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Thursday, 22 May 1980
Page: 3101


Mr HURFORD (Adelaide) -The Customs Amendment Bill (No. 3) passed through the House of Representatives a few days ago. We were told at the time that there had been full consultation with all interested parties. Regrettably, that has proved not to be so. Those affected by the warehousing provisions of this Bill were not consulted. They have subsequently been in touch not only with me and some of my colleagues but also with the Government. I should explain that the Customs agents were given 10 months to consult with the Government and were given the draft Bill, but somehow the Australian Duty Free Operators Association was not brought into the arrangements for consultation, although it was grievously affected by provisions in the Bill. I do not wish to be misrepresented or misunderstood on this question. As I said earlier, the Association got in touch with me, the Minister for Business and Consumer Affairs (Mr Garland) and others in recent days. I am glad to see the Minister now in the chamber so that he is able to put his interpretation on this matter.

The complaints and charges of the Australian Duty Free Operators Association, which have been substantiated by many honourable members on both sides of the chamber, were that its civil rights had been trampled on. As has now been noted, from the Association's point of view there are some quite horrific requirements for the keeping of personal records and the divulging of personal information. The Government came up with some amendments in the Senate. Regret- ttably, they are so numerous and some of them are so small that they have not even been read to the Committee. If they were read, anybody listening would be very bored. They were moved in total in the way that the Minister, who is at the table, has just moved them. I assert on behalf of the Opposition that, from our study of this important subject, the amendments do not go far enough. We know that the Government has attempted to correct the original deficiencies, and for that I give it credit. In the short time the Opposition has had to examine these last minute amendments, it seems, I repeat, that they do not go far enough to safeguard the normal civil rights of people conducting warehouses.

In the Senate last night the Opposition moved seven amendments, which some Government senators supported. Whether they did so by their votes I am not sure because, as honourable members in this chamber know, we do not yet have the advantage of being able to read the Senate Hansard, or House of Representatives Hansard, which covers the period of the sitting late last night and early this morning when those seven amendments were moved. I have had verbal information from one or two Government senators to the effect that they support at least two or three of the Opposition's amendments. I did the right thing. I got in touch with the Minister and said how much I hoped he would accept at least two or three of the seven amendments. He explained to me that because it was the last sitting day in this session, he did not have time to take the amendments to the relevant committees of the Cabinet to pursue the matter in the way that he would want to.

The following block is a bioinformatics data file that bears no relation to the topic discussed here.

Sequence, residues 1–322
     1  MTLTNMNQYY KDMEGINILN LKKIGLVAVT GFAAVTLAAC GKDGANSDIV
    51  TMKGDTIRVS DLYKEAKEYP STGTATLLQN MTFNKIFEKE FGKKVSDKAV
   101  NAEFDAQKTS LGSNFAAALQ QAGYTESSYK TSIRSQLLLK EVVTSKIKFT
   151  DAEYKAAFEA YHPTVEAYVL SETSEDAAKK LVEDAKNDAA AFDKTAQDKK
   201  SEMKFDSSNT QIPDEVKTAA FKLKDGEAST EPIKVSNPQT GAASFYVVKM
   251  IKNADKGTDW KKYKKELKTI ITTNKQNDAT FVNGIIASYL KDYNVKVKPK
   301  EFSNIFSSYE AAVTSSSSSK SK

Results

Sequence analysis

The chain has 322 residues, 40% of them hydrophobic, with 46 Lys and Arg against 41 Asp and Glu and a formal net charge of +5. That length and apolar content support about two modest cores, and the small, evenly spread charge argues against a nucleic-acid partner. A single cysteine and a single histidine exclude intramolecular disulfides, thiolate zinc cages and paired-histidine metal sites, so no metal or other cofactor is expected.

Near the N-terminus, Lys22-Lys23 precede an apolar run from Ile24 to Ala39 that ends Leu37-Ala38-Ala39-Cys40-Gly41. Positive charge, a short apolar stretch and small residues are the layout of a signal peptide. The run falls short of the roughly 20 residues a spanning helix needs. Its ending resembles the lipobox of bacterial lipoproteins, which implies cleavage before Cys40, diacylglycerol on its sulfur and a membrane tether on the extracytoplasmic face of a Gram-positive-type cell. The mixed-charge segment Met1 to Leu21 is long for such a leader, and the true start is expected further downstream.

Mr Garland - Thank you for that! I will remember that when I am speaking to you on the phone next.


Mr HURFORD - I did not realise that that was confidential information. I apologise if it was. The Minister certainly should have said so if it was. I cannot understand why it would be confidential information. I am explaining why I readily accept the attitude which the Minister expressed to me prior to our coming into this chamber. That, indeed, is the only reason why I am not pressing the amendments right now. I do draw everyone's attention to the amendments which will appear in the Senate Hansard, when it is available. I will not take up the time of the House by repeating those amendments for the reasons which the Minister has given to me which I understood would be made public. I do hope nevertheless that the Minister will look at the amendments moved in the Senate. Indeed, I will follow up, in writing to him, the details of those amendments. I hope he will take back to the Cabinet committees, to the Government parties, to this chamber and to the Senate at the earliest opportunity during the Budget session, more safeguards for the civil liberties of people who are affected by this legislation.

Although one or two of the Government's amendments which have just been moved do clear up some points that were in conflict with or harsh on the people concerned, similar problems in other clauses of the Bill we believe have been overlooked. I will not go into the details now. I do have strong objections to the fact that we have to deal with this legislation at the last minute, on the last day of this session. However, there is much in the Bill that makes it advisable for us to see it passed. I hope and trust that we will have another opportunity of clearing up the outstanding matters very soon.







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